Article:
Jockey Club Seeks Tougher Equine Medication Rules

The Jockey Club officially released its "Reformed Racing Medication Rules" March 30, but broad adoption of the policies hinges on action by regulators in all racing jurisdictions.

Work on the document began last year and was outlined at The Jockey Club Round Table conference in August. A draft included parameters for administration of race-day furosemide, commonly called Salix or Lasix, but that language was stripped from the final document.

The methodology for the proposed revised regulations was outlined in the March 31 issue of The Blood-Horse magazine.

"We have been refining this document since then and the result is a dramatically streamlined set of regulations that is on par with international standards," said Jockey Club president and chief operating officer James Gagliano. "It creates a new enforcement scheme with far stiffer penalties and deterrents for repeat offenders.

"We look forward to continuing our collaboration with industry organizations and national, state, and local regulatory agencies to see these rules adopted."

The rules are based on the premise that horses should compete only "when free from the influences of medication." Furosemide is currently used on race day, but an executive summary of the rules indicates it would be banned through a "transitional process."

The rules call for equine drug testing only by laboratories accredited by the Racing Medication and Testing Consortium; stronger sanctions for repeat violators of medication rules; medication histories of all racehorses; surveillance of horses within 24 horses of a race; mandatory rest periods for horses that suffer exercise-induced pulmonary hemorrhage; publishing of administration and withdrawal guidelines for controlled therapeutic drugs; and "best practices" for improved security and monitoring of horses.

The Jockey Club said it is "encouraging" all jurisdictions to adopt the rules, which are a tightening of model rules approved by the Association of Racing Commissioners International and already in place in some states.

The debate over furosemide use on race day has been divisive for the racing industry, and there has been no indication this year that proponents of the medication intend to back down.

"As we have said many times before, The Jockey Club believes that the overuse of medication endangers our human and equine athletes, threatens the integrity of our sport, and erodes consumer confidence in our game," Gagliano said. "Horses should compete only when they are free from the influence of medication, and these reformed rules represent a giant step toward achieving that goal."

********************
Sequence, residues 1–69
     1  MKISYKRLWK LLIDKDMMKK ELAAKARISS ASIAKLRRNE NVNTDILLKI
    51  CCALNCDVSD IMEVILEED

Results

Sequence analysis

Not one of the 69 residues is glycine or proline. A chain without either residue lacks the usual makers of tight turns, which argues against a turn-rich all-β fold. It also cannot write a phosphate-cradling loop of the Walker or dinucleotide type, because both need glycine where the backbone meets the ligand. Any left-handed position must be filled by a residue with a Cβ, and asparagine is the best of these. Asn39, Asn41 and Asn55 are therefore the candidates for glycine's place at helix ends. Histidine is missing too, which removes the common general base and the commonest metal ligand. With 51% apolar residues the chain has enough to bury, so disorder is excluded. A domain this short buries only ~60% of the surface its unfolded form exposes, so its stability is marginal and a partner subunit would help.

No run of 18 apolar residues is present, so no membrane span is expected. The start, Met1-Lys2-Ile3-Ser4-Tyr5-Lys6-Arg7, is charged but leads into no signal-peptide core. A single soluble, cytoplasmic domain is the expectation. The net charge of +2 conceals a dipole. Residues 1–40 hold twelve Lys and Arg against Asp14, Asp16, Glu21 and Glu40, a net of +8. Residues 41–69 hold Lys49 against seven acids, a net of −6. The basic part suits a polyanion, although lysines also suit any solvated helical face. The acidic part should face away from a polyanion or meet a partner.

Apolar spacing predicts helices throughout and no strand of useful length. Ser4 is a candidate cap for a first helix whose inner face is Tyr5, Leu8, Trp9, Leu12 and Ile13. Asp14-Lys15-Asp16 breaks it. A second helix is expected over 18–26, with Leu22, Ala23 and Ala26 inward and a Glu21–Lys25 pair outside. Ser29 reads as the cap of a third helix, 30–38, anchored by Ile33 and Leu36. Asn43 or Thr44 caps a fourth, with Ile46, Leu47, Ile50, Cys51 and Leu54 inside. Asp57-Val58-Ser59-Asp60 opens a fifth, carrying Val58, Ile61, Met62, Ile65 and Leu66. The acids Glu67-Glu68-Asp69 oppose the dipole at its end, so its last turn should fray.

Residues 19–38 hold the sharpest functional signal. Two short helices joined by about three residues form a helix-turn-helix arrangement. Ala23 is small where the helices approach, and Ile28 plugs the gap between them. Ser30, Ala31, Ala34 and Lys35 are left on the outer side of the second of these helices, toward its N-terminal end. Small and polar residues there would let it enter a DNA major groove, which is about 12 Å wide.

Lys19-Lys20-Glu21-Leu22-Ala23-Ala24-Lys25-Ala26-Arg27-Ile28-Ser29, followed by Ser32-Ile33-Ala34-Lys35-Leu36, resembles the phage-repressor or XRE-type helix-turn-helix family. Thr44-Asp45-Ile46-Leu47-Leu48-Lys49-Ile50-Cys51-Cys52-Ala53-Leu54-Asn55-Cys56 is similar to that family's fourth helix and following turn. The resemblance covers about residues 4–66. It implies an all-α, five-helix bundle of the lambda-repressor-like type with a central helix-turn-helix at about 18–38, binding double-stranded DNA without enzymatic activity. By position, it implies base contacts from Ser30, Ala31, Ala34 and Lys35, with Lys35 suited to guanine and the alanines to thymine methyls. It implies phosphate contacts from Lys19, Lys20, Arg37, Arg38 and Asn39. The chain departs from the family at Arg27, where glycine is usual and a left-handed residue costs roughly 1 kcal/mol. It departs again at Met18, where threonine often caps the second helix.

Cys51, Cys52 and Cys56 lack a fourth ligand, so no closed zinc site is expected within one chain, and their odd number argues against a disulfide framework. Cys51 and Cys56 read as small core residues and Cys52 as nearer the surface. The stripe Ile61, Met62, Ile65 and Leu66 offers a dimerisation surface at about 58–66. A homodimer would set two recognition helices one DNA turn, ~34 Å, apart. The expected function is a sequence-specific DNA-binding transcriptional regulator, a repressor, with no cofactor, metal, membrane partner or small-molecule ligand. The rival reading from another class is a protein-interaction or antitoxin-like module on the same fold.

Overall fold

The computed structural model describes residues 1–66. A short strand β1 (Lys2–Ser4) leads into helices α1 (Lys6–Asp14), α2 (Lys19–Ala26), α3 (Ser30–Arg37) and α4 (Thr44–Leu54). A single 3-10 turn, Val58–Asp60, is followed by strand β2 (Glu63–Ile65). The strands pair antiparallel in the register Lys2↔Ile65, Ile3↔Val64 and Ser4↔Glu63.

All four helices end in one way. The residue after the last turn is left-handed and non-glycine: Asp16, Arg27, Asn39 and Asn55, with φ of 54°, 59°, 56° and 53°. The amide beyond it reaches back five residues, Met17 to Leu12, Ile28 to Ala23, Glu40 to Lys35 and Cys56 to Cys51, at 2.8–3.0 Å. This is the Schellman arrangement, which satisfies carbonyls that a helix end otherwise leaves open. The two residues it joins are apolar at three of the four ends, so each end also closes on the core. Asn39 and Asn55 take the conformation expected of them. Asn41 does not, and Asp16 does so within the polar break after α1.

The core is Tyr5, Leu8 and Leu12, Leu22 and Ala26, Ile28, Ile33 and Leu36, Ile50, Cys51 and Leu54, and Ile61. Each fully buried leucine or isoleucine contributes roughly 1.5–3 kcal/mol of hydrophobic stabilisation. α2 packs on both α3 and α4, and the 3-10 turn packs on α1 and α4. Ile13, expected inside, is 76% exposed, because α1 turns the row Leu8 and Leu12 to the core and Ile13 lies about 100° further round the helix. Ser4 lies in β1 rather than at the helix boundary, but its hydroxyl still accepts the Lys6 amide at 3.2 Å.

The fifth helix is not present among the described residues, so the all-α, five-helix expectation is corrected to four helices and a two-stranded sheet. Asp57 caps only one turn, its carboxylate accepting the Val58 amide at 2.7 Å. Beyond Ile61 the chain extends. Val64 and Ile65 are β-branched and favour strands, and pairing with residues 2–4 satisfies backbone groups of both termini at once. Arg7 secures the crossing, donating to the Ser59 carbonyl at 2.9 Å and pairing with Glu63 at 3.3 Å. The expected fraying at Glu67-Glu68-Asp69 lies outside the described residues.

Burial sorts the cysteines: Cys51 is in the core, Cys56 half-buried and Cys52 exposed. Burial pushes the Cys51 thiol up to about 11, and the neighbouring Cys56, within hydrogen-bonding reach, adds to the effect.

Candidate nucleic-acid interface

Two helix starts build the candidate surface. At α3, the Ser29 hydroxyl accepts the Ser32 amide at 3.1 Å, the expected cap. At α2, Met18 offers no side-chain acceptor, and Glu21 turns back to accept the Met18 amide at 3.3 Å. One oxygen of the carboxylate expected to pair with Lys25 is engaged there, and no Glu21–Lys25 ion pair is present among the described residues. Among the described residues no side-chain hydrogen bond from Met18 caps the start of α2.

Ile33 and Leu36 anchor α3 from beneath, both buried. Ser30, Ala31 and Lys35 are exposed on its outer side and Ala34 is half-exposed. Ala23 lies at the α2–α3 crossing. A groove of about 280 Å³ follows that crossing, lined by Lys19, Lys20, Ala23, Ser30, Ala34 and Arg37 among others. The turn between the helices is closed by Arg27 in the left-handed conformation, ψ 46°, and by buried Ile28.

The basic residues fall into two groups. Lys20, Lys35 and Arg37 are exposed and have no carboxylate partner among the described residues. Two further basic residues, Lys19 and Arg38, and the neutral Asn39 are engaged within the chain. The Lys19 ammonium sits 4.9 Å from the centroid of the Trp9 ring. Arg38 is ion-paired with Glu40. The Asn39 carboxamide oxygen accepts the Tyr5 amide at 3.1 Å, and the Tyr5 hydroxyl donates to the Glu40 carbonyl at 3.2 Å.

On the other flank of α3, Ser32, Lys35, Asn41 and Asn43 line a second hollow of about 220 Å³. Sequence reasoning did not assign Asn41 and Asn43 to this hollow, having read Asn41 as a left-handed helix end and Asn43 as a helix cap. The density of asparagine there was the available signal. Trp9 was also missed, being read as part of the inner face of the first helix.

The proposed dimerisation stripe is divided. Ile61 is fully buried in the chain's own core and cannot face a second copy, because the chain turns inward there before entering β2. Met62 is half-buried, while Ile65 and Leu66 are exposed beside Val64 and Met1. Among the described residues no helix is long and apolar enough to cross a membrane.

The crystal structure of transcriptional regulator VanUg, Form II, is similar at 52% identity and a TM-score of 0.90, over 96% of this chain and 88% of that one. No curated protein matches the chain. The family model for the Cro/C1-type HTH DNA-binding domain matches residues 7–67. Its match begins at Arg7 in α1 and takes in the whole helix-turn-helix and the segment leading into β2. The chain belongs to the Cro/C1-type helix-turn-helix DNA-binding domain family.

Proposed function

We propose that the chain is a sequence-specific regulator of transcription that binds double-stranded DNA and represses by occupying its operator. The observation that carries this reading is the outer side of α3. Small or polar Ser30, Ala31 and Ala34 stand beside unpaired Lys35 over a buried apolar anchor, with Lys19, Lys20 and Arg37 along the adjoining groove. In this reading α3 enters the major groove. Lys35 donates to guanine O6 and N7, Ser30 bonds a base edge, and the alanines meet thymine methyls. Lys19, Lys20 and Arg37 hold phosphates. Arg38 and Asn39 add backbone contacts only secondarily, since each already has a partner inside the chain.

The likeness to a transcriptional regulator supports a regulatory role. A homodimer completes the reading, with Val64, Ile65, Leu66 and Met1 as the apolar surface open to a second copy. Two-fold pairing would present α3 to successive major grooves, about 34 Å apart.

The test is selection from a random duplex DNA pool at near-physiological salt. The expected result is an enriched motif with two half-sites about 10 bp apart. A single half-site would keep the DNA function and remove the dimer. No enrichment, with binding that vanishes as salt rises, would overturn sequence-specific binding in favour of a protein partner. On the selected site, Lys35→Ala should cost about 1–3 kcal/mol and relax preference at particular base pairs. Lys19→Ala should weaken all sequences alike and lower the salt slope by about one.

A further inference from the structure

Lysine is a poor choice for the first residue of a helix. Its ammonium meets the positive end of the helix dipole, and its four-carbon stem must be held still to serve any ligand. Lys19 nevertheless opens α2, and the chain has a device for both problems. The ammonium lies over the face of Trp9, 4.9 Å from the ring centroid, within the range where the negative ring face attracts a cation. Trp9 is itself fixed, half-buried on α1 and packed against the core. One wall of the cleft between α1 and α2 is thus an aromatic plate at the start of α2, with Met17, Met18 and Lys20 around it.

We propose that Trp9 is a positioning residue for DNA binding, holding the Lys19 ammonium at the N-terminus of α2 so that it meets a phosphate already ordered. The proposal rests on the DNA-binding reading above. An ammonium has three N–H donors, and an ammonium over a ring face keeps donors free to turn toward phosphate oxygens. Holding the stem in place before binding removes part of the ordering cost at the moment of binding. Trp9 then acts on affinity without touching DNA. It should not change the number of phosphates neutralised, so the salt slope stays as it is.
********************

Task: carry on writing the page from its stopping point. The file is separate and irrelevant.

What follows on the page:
Breeders' Cup has banned use of race-day furosemide in its 2-year-old stakes during this year's World Championships. The American Graded Stakes Committee (AGSC) had planned to pull grades from all 2-year-old stakes that aren't furosemide-free this year but earlier this year said it needs more time to study the policy.

"Safety and integrity are values that are paramount to the viability of Thoroughbred racing," Breeders' Cup president Craig Fravel said in a statement. "We must dedicate our efforts to adopting uniform national rules that ensure a level playing field and that ensure those who do not wish to abide by those rules can no longer compete against those who do."

The AGSC falls under the Thoroughbred Owners and Breeders Association, whose president, Dan Metzger, said reformed drug rules "provide a reasonable and common sense approach to achieve uniformity and impose severe penalties on those who repeatedly violate rules. Adoption of these revised rules will provide our industry with necessary, responsible, and positive reform."

About the Author

Tom LaMarra

Tom LaMarra, a native of New Jersey and graduate of Rutgers University, has been news editor at The Blood-Horse since 1998. After graduation he worked at newspapers in New Jersey and Pennsylvania as an editor and reporter with a focus on municipal government and politics. He also worked at Daily Racing Form and Thoroughbred Times before joining The Blood-Horse. LaMarra, who has lived in Lexington since 1994, has won various writing awards and was recognized with the Old Hilltop Award for outstanding coverage of the horse racing industry. He likes to spend some of his spare time handicapping races.

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